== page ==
Earlier this month I allowed myself to be invited along to the presentation dinner of the Decanter World Wine Awards. It was the usual mix of entertaining and excruciating: a good chance to catch up with a lot of colleagues, contacts, etc beforehand, followed by several hours of unutterable tedium as award after award was handed out to a backdrop of god-awful food.

Does anyone, I wonder, really get anything out of these big black tie dinners? Certainly not the poor winemakers who have to go up and collect their awards and look - invariably - like embarrassed eight-year-olds forced to put on a tutu and perform ballet in front of the school. Not the audience either, judging by the increasingly catatonic atmosphere as the evening wore on.

Perhaps it's me, but maybe the wine trade isn't that excited by finding out who won the 'Slovenian Sweet wine over GBP10' category.

And no, I didn't make that up.

For all that it doesn't make great theatre, Decanter's Wine Awards is a big success. With over 10,000 entries, I'm guessing that it is now the biggest wine competition in the world, and that means that its results should be taken seriously as a barometer of what's hot and what's not in the global vineyard.

And as the evening wore on, I found myself increasingly wondering what on earth had happened to the Europeans. The winners' stage seemed to find itself semi-permanently peopled by Kiwis, Aussies and Greeks (!), yet French, Spanish and Italians were, for the most part, conspicuous by their absence.

No great surprises, perhaps, that the Old World didn't exactly set the heather alight in categories like 'Single Varietal under GBP10', which has 'New World winner' written all over it.

But it was striking to me that, with the exception of fizz - where Charles Heidsieck took practically every gong going - the French, in particular, rarely seemed to pick up the top awards, even in areas where you would expect them to dominate. 'Red Bordeaux Varietal Over GBP10', for instance, was won not by a cru classé claret but a winery from Margaret River.

Ten years ago, I was editing Wine Magazine, which ran the (also huge) International Wine Challenge. The sight of an Aussie whupping the Bordelais in such a blue chip category was the kind of thing that would have had us holding the front page.

Now it's a sign of how far France's star has waned (and the New World has waxed) that nobody at the dinner batted an eyelid. Possibly because, in some cases, they were both already shut.

These are, to be sure, tough times to be in the French wine industry. Overproduction remains endemic, the politics and bureaucracy stifling. And while administrators fiddle, sales go up in flames. The Federation of French Exporters of Wine and Spirits claimed last month that exports are down by 25% in value for the first half of 2009, compared to the previous year.

Nor is this purely a recession-driven problem. Recently I was talking to a representative of Bordeaux's generic body, the CIVB, who admitted that the region had practically 'lost' the restaurant trade below cru classé level, and was hatching an ambitious plan to recapture the generation of restaurateurs and customers for whom Bordeaux simply doesn't register.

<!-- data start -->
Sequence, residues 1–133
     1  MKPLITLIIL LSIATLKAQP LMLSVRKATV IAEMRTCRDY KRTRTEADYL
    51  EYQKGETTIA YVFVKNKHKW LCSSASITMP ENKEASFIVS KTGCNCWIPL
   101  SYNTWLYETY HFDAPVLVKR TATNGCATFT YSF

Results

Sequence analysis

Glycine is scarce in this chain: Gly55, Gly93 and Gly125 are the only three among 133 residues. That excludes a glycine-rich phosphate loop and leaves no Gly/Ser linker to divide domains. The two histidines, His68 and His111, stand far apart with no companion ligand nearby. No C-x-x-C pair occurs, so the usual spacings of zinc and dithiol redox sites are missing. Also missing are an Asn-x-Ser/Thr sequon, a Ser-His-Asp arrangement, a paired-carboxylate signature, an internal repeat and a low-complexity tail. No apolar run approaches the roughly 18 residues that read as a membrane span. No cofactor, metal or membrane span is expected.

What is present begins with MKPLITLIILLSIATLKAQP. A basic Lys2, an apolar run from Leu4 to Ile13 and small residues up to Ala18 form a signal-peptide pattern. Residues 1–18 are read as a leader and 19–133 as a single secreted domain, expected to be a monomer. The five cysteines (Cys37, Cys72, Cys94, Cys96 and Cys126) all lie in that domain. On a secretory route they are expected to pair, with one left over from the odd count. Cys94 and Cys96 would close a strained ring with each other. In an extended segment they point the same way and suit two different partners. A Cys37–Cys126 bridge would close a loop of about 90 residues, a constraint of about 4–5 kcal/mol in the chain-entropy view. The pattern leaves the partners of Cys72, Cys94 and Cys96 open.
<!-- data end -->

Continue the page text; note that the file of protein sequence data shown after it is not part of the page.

If you had suggested in the early 1990s that 20 years later Bordeaux would be practically non-existent on wine lists below $100 you would have been laughed out of town. Now, the only ones laughing are the Chileans, South Africans et al who've filled the 'good value Cab/Merlot' slot with great alacrity.

With one or two exceptions, it's a story that's repeated across Europe: regions that might like to see themselves as indispensable are increasingly discovering that the punters are perfectly happy to live without them.

And yet there is hope for Europe. A few years ago I set up a far smaller wine competition for Imbibe magazine in the UK. It was aimed purely at the on-trade, featuring wines that were not on sale in the high street and, to enhance the on-trade credentials, was judged solely by sommeliers.

With supermarkets out of the equation, this was a vinous battle that was taking place squarely on Europe's home turf. And while there have been a fair few disappointments from big-name regions, there have also been plenty of amazing French and European wines, often at knock-down prices, that have had the restaurateurs cooing into their tasting glasses, often using words like 'character', 'balance' and 'food-friendliness'.

These are not the kind of wines that are going to turn around double-digit volume declines and push back the New World in multiple chains. But they could, at least, shore up Europe's defences in the restaurant arena, which at a time when good news is in short supply, would, at least, be something.

The Slovenians, I should imagine, are quaking in their boots...